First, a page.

The connectivity of the interfacial zone phase was computed using a burning algorithm . Figure 5 shows the connectivity of the interfacial zone phase as a function of sand volume fraction. The y-axis, labelled "Fraction Connected", is just the fraction of the total interfacial zone volume, at a given sand volume fraction, that is part of a connected path across the sample. The interfacial zone phase first becomes partially connected at a sand volume fraction of about 36%, and essentially all of the interfacial zones are connected to each other by a sand volume fraction of 51%.
Figure 5: Percolation curve for random sand grain mortar model, for a 20 micrometer thick interfacial zone. The x-axis is the sand volume fraction, and the y-axis is the fraction of the interfacial zone phase that is contained in the percolating cluster.
The conductivity of the random sand grain mortar model was computed quite differently from that of the periodic model, for the following reason. The largest unit cell we can presently use for electrical computations using the conjugate gradient/finite element method is actually around 1283, which is dictated by the limitations of the computers to which we had access. This is not enough resolution to adequately represent more than a few grains and their associated interfacial zones. To compute the conductivity of statistically representative volumes of material containing thousands of sand grains requires a different approach.
Here we adopt a random walk algorithm, used extensively in studies of disordered porous media  and composite materials . For a material where only one phase has a non-zero conductivity, the algorithm is especially simple. Random walkers are started at various positions in the conductive phase, and allowed to take unit length steps in random directions at every time step. The mean-square distance travelled by each walker is computed as a function of the number of time steps. If a projected step would take the walker into a non-conductive phase, then that step is not allowed, but the clock is still advanced one time step. Eventually, the mean squared distance vs. number of time steps is a straight line, whose slope is the diffusion coefficient of the conductive phase. Multiplying by the volume fraction of the conducting phase then gives the overall conductivity of the composite, normalized by the conductivity of the pure conducting phase .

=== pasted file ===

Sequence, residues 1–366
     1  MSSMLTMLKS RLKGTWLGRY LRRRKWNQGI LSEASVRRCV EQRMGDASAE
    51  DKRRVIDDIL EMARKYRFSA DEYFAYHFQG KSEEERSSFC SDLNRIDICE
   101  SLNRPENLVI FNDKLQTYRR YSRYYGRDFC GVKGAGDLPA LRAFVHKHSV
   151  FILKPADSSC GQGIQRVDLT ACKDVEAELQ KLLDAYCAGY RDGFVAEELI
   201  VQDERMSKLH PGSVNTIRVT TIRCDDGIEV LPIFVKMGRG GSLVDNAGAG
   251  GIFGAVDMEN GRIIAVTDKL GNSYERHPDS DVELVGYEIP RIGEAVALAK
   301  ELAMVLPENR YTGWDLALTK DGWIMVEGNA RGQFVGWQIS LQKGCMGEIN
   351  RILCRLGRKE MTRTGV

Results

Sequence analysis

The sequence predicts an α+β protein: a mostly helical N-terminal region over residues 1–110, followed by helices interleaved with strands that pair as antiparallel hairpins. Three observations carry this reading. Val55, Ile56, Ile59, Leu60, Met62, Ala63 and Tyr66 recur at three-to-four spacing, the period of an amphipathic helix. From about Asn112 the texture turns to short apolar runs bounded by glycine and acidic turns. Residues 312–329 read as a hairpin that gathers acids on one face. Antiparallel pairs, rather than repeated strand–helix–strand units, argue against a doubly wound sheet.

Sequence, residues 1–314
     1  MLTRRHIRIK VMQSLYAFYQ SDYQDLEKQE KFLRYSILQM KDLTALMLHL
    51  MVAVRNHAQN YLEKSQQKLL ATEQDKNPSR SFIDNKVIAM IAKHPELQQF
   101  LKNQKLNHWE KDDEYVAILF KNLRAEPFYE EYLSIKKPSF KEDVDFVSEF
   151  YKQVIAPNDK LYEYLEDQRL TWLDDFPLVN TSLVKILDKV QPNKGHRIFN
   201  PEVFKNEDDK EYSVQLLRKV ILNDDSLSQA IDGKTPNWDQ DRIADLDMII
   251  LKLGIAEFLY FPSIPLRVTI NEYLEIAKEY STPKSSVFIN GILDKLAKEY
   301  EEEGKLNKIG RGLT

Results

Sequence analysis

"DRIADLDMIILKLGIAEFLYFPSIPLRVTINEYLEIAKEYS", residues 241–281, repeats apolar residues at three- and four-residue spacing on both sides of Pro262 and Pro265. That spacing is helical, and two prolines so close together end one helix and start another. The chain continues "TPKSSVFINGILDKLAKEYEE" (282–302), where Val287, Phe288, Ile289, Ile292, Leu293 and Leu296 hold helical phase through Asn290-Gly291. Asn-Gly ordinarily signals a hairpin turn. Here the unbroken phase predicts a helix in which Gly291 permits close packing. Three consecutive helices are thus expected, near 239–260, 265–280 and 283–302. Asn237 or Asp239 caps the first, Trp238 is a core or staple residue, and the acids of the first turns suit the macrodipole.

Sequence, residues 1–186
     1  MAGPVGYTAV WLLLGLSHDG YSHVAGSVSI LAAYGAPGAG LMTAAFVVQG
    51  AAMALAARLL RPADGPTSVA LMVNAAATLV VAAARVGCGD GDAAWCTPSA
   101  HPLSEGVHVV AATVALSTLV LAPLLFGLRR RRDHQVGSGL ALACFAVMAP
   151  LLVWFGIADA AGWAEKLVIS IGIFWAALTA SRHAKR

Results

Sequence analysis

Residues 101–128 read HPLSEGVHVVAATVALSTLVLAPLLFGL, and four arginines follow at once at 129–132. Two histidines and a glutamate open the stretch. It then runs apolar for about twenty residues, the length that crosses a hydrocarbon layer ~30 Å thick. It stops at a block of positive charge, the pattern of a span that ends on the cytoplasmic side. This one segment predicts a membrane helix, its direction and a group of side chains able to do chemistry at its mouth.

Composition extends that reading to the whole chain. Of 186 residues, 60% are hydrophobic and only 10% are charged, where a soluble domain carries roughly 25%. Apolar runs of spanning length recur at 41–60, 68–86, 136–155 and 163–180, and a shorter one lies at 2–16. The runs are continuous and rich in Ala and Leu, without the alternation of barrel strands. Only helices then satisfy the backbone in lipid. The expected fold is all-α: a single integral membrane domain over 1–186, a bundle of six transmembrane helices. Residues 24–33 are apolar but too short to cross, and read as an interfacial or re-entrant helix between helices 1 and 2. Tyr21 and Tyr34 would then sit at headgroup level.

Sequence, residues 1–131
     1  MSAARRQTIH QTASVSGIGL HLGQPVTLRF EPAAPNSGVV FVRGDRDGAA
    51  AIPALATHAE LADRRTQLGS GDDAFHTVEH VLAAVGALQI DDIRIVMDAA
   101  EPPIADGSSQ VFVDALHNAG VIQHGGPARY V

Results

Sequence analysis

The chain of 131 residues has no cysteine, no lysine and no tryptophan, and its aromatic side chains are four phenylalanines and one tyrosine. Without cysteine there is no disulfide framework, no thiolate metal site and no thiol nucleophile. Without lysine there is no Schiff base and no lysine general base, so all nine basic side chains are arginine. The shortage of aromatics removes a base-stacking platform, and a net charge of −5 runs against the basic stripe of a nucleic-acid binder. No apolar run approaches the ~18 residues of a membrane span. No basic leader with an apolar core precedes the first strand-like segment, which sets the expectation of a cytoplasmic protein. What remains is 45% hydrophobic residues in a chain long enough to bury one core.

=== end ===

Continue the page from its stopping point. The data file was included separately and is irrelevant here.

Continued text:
When two or more phases are conducting, with different phase conductivities, then the algorithm is somewhat more complicated, although this case has also been studied by Hong et. al. . Basically, the step rate in a phase increases with conductivity of the phase. Additionally, the probability of stepping across a phase boundary, from phase A to phase B, is biased based on the relative conductivity of the two phases. Again the mean squared displacement vs. number of time steps gives a diffusivity from which is derived the overall conductivity .
The random-walk algorithm allows the sand grains and interfacial regions to be stored as geometrical objects rather than collections of pixels, so that the resolution is essentially that of the step size used. This step size can be small compared to the interfacial zone thickness h, without any increase in the computational storage required. This means that a large number of particles as well as the thin interfacial zones can be simultaneously resolved. Run times will increase as the step size decreases, however.